Washington, D.C. – U.S. crude oil production was up 7 per cent in 2009 compared with 2008, while import levels of crude and products were down 9.2 per cent, according to a report by the American Petroleum Institute (API).
Despite the rise, U.S. crude oil production still lagged at an average of 5.3 million barrels per day (bpd) in 2009 when compared with imported crude, at 11.7 million bpd. Imported crude took its hardest drop in December, down 15 per cent from December 2008, while fourth-quarter imports were down 15.4 per cent, to 10.9 million bpd.
Total petroleum deliveries in December, a measure of oil demand, inched up 0.6 per cent from December 2008, reflecting an improved economy and possibly increased demand due to colder weather, API said. December deliveries averaged 19.3 million bpd, outpacing both the fourth-quarter average of 19.0 million bpd, and the full-year average deliveries of 18.7 million bpd.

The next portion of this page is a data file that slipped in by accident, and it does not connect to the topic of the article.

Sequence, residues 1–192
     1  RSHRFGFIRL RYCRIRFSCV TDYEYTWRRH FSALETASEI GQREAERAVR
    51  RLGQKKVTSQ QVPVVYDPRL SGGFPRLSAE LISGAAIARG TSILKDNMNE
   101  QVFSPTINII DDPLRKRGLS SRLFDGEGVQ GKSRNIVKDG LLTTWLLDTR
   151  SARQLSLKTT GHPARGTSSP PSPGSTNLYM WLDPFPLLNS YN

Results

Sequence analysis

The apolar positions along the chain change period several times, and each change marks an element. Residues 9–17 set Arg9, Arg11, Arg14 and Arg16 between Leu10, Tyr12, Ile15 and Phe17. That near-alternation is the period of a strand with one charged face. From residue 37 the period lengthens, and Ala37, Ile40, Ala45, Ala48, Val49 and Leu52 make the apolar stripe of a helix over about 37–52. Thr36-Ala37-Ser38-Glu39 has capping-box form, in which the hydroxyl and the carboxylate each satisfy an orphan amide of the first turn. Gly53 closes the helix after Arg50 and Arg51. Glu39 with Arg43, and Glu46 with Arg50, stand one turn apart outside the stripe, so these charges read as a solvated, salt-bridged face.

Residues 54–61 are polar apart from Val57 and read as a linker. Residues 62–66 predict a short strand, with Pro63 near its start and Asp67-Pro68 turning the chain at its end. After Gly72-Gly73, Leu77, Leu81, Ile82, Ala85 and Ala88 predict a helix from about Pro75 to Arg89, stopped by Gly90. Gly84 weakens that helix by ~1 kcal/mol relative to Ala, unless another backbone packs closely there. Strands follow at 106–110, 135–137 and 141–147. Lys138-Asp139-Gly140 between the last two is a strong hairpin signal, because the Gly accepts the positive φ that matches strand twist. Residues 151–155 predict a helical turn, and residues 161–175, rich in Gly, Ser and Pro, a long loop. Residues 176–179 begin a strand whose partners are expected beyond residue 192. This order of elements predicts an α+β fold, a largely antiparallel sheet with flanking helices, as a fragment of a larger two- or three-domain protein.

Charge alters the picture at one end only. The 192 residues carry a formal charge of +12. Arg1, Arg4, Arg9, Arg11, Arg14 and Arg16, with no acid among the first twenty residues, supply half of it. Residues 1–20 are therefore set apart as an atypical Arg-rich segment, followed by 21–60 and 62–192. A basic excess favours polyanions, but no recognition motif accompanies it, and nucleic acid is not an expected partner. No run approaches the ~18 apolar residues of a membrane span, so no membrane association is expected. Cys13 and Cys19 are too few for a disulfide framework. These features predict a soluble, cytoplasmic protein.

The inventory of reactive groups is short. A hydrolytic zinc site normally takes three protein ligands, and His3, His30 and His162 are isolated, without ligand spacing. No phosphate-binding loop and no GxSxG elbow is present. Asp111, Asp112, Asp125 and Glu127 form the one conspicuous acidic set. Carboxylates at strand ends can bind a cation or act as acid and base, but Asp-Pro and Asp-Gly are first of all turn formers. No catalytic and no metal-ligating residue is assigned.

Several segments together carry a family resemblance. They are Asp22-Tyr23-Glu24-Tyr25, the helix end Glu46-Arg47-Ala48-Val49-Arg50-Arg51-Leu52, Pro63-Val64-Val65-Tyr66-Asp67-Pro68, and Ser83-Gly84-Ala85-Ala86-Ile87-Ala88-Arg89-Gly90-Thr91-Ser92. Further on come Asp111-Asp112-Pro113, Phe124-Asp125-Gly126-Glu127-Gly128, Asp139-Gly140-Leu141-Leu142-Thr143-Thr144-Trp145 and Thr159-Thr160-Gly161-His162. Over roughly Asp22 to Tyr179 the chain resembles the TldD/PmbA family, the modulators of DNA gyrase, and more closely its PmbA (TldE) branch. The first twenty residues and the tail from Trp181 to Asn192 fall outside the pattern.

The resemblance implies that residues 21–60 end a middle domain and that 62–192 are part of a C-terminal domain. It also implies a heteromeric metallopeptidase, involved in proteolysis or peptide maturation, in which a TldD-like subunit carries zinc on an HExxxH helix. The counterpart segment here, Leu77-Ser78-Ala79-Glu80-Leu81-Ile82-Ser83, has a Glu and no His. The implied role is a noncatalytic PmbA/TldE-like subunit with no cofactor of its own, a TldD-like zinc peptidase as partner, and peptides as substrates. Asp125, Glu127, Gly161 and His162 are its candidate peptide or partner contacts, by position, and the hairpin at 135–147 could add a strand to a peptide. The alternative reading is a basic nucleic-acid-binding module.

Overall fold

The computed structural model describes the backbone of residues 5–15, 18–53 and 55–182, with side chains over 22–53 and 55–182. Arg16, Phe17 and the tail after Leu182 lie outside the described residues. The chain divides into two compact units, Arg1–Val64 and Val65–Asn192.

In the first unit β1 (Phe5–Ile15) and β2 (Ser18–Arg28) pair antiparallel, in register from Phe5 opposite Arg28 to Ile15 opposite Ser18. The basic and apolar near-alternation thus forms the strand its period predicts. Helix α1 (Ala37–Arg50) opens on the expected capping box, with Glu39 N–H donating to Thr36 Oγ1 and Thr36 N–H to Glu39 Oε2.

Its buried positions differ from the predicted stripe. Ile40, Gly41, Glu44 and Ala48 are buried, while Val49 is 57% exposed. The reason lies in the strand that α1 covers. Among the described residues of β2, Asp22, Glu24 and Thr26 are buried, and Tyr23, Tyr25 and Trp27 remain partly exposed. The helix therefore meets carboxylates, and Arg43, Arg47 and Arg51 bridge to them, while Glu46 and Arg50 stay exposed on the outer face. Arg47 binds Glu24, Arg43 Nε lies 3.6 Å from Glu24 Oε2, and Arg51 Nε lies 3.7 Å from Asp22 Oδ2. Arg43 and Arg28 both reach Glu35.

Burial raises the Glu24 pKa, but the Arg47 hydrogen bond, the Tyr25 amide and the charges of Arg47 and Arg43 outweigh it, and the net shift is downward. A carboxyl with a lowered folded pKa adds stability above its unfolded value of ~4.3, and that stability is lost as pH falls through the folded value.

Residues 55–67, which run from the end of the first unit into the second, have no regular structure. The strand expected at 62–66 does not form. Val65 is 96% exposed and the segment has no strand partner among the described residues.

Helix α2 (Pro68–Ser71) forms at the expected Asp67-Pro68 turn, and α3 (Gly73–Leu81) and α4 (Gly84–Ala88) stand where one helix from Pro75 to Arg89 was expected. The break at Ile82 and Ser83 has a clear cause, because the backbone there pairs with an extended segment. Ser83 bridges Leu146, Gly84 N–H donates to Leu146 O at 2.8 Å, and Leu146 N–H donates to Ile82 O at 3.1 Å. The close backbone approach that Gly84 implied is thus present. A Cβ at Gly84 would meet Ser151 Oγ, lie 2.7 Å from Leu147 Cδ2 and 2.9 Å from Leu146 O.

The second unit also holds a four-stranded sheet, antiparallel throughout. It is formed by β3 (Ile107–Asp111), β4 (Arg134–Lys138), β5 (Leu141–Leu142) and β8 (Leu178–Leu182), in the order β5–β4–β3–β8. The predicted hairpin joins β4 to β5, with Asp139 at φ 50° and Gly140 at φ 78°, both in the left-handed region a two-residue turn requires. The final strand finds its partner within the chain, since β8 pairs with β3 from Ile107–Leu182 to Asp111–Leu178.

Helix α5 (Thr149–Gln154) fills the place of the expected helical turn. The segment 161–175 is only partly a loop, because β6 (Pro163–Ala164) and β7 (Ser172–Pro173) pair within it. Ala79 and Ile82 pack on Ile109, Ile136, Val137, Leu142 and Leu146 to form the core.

Gasoline deliveries followed a similar pattern, with December deliveries rising 2.3 per cent from December 2008, at an average 9.1 million bpd. Gasoline was also up 1.1 per cent for the fourth quarter, and up 0.3 per cent for all of 2009.
“Clearly, petroleum demand is mirroring the economic recovery,” said API chief economist John Felmy. “We are seeing December demand figures stronger than fourth-quarter figures, and fourth-quarter figures stronger than full-year figures. But the data also indicates that the recovery still has a distance to go, particularly if you look at ultra-low sulphur diesel.”
Deliveries of ultra-low sulphur diesel, the type required for on-highway use, dropped by 11 per cent in December 2009 when compared with December 2008.